As dawn lightened the sky to the east, and the first light glimmered on puddles, she walked past the church, over the narrow bridge that arched over the narrow stream. Her flip-flops made soggy flaps on the street, and Ashley limped, the branch clomping, her breath a raw pant with each step.
“What town is this?”
“It’s Pine Meadows.”
“Where? I was in Morgantown. I go to college at WVU.”
“It’s about twelve miles from here.”
“I was training. Running. I’m a long-distance runner, believe it or not. And I was training like I do every morning. He was parked on the side of the road with the hood up, like he’d had a breakdown. I had to slow a little, and he grabbed me. He hit me with something. And I woke up in that place. I’m going to have to stop again.”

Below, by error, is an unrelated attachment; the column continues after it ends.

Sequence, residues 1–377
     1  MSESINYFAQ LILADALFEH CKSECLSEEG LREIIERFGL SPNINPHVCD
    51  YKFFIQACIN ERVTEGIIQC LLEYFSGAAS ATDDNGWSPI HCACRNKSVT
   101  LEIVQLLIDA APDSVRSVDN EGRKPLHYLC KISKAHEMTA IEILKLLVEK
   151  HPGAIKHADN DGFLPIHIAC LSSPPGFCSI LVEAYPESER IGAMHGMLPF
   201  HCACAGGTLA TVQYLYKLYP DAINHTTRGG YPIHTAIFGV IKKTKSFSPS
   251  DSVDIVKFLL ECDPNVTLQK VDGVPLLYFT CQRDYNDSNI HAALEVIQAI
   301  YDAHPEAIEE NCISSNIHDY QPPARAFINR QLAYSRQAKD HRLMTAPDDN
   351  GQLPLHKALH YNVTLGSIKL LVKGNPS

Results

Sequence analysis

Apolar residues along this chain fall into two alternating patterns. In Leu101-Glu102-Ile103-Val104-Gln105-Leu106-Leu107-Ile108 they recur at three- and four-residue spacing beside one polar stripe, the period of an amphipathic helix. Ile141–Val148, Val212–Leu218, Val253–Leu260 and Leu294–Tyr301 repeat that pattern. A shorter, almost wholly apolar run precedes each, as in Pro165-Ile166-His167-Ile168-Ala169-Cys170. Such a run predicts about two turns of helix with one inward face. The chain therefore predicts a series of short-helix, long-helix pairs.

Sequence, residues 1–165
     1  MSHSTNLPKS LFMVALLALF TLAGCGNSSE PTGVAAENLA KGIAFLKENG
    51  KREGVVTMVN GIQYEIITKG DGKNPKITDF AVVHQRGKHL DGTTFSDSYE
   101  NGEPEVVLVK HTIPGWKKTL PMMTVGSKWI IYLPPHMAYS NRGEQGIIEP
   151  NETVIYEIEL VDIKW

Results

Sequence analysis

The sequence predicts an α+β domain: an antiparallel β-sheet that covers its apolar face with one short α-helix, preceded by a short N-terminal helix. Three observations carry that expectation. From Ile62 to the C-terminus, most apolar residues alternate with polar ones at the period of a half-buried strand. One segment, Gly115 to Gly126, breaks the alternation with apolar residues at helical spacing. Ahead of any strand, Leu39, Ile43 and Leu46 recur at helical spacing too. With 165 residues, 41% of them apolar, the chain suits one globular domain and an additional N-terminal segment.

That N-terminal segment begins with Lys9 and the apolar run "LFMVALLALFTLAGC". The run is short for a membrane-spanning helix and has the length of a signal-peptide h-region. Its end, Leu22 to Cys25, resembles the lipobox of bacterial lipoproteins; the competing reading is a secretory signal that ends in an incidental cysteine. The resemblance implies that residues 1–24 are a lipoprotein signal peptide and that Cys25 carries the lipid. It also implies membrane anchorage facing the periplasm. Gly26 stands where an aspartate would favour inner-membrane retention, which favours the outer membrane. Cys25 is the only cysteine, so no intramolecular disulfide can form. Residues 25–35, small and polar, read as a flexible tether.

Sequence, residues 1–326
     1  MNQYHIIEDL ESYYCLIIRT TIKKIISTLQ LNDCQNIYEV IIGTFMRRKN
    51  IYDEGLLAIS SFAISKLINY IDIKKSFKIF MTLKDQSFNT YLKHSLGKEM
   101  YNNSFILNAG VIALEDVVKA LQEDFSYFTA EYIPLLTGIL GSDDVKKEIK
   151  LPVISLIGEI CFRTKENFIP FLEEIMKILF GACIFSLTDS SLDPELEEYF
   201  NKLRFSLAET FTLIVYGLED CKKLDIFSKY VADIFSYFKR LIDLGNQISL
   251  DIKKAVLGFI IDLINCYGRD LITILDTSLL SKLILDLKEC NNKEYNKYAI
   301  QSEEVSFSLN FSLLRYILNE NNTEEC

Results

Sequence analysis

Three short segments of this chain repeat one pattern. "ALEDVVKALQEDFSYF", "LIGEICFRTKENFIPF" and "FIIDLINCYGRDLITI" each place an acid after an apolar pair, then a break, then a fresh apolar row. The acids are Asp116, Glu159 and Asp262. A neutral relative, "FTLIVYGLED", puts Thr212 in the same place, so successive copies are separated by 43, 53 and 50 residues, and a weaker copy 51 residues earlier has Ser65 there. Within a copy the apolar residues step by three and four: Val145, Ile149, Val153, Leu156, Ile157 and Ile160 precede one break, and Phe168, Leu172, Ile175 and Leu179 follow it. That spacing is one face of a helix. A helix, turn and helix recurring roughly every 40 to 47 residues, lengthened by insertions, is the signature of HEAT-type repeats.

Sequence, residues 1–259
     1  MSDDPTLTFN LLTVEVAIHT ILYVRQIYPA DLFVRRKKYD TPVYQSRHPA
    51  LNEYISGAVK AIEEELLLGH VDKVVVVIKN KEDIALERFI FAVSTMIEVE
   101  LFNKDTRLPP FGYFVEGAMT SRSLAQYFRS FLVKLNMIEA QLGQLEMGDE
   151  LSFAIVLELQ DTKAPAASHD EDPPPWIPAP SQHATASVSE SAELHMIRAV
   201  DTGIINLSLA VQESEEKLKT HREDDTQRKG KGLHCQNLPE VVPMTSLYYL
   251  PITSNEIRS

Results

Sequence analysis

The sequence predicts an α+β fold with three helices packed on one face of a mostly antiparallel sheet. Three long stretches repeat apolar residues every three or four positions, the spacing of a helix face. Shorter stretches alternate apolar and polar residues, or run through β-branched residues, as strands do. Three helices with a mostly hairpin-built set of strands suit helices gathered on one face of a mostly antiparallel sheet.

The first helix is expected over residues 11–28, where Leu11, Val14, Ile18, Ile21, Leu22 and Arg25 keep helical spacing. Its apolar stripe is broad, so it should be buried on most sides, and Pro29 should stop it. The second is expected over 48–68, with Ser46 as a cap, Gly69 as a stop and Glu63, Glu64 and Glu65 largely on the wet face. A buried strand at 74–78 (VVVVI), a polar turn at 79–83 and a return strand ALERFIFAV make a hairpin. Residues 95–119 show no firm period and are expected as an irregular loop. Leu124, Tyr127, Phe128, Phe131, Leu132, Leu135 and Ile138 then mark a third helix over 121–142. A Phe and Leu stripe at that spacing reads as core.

No, no, no stopping. No thinking. Just doing.
“We’re almost there. See, right down the road, that white house—see the sign out front?”
“Pine Meadows Sheriff’s Department. Oh thank God. Oh thank God.” Ashley began to weep then, racking sobs that shook them both as Naomi tightened her arm around Ashley’s waist, took more weight and trudged the rest of the way.
“We’re safe now. We’re safe.”
When Ashley collapsed on the narrow porch, Naomi wrapped the blanket closer around her, then knocked hard on the door.
“Is someone going to be there? I didn’t think. It’s so early.”
“I don’t know.” But Naomi knocked again.
When the door opened, Naomi had a vague recognition of the young face, the tousled hair.
“What’s all this?” he began, and then his sleepy eyes shifted by her, landed on Ashley. “Well, Jesus.”
He shot the door open, jumped out to crouch beside her. “I’m going to get you inside.”
“Help. Help us.”
“You’re all right. You’re going to be all right.”
He looked scrawny to Naomi’s eyes, but he hefted Ashley like she was nothing—and flushed a bit when the blanket slipped and the torn shirt exposed most of her left breast.
“Honey,” he said to Naomi, “hold the door open now. Y’all have an accident?”